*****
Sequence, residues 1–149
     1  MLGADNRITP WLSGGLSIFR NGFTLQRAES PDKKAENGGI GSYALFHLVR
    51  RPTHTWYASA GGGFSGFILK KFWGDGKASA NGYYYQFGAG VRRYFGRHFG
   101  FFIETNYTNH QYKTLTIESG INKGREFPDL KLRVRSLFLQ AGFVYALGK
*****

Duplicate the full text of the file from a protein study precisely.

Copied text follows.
Sequence, residues 1–149
     1  MLGADNRITP WLSGGLSIFR NGFTLQRAES PDKKAENGGI GSYALFHLVR
    51  RPTHTWYASA GGGFSGFILK KFWGDGKASA NGYYYQFGAG VRRYFGRHFG
   101  FFIETNYTNH QYKTLTIESG INKGREFPDL KLRVRSLFLQ AGFVYALGK